Facebook Creates ‘Radioactive Images,’ and Other A.I. News From This Week

Plus an algorithm that lets drones automatically detect protests and religious celebrations.

Photo: Parker Coffman/Unsplash

RResearchers publish hundreds of new A.I. research papers every week on arXiv, an online repository for scientific papers. Here are a few that we found interesting, and think you might, too.

Radioactive data: tracing through training

Facebook researchers created a way to generate an invisible “radioactive” mark on images in a dataset, which gives future researchers a way to trace which data was used to train a specific model. That could be useful when certain companies *cough* Clearview AI *cough* claim to have a facial recognition database scraped from images on the web. More from Facebook here.

Accelerating Object Detection by Erasing Background Activations

Deep learning takes a lot of computing power, especially when working with images. Intel researchers built an objectness mask generation (OMG) network to help predict where an object is likely to be, so compute power can be focused on a specific region of pixels rather than the whole image. And that is a LOL (Latency Optimizing Labor).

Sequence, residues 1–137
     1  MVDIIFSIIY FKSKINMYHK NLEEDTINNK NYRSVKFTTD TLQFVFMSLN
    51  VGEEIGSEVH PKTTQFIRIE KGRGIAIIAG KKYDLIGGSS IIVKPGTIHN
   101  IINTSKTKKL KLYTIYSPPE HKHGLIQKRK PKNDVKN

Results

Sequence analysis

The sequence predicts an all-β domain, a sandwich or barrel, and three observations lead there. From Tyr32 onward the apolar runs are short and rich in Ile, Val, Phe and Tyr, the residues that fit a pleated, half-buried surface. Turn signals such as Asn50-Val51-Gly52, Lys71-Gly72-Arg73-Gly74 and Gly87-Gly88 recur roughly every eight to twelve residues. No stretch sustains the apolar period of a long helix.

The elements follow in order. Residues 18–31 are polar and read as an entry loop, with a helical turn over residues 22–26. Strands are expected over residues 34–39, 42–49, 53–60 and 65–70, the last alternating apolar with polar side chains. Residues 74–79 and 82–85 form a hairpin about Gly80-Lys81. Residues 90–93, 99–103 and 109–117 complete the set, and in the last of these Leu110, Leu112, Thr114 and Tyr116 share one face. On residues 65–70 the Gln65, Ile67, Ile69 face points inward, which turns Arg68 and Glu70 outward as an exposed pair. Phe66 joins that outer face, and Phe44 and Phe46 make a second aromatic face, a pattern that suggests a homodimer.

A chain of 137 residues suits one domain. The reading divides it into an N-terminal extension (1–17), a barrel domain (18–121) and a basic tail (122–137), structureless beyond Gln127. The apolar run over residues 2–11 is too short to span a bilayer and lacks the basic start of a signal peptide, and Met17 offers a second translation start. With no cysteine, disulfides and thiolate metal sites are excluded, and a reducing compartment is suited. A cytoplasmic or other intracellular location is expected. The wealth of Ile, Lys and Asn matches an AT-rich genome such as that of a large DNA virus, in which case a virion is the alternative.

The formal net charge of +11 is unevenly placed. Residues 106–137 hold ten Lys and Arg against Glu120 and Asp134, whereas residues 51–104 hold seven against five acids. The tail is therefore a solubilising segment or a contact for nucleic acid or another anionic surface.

Automatic Location Type Classification From Social-Media Posts

“Our goal is to correctly associate a set of messages posted in a small radius around a given location with their corresponding location type, e.g., school, church, restaurant or museum.” This could be used by a company like Google to better tag its maps, or as the authors suggest, identifying illegal black-market day care facilities.

ERA: A Dataset and Deep Learning Benchmark for Event Recognition in Aerial Videos

Drones get a bad rap, say the researchers at IEEE. So in addition to building a new algorithm to detect post-flood and disaster situations to supercharge autonomous drones, they also decided to include the ability to detect protests or religious celebrations. So much for #TechWontBuildIt.

Hybrid Graph Neural Networks for Crowd Counting

The world is in critical need for an algorithm that can count the amount of people in a crowd, and this international effort has luckily furthered this crucial authoritarian technology.

Senior Writer at OneZero covering surveillance, facial recognition, DIY tech, and artificial intelligence. Previously: Qz, PopSci, and NYTimes.

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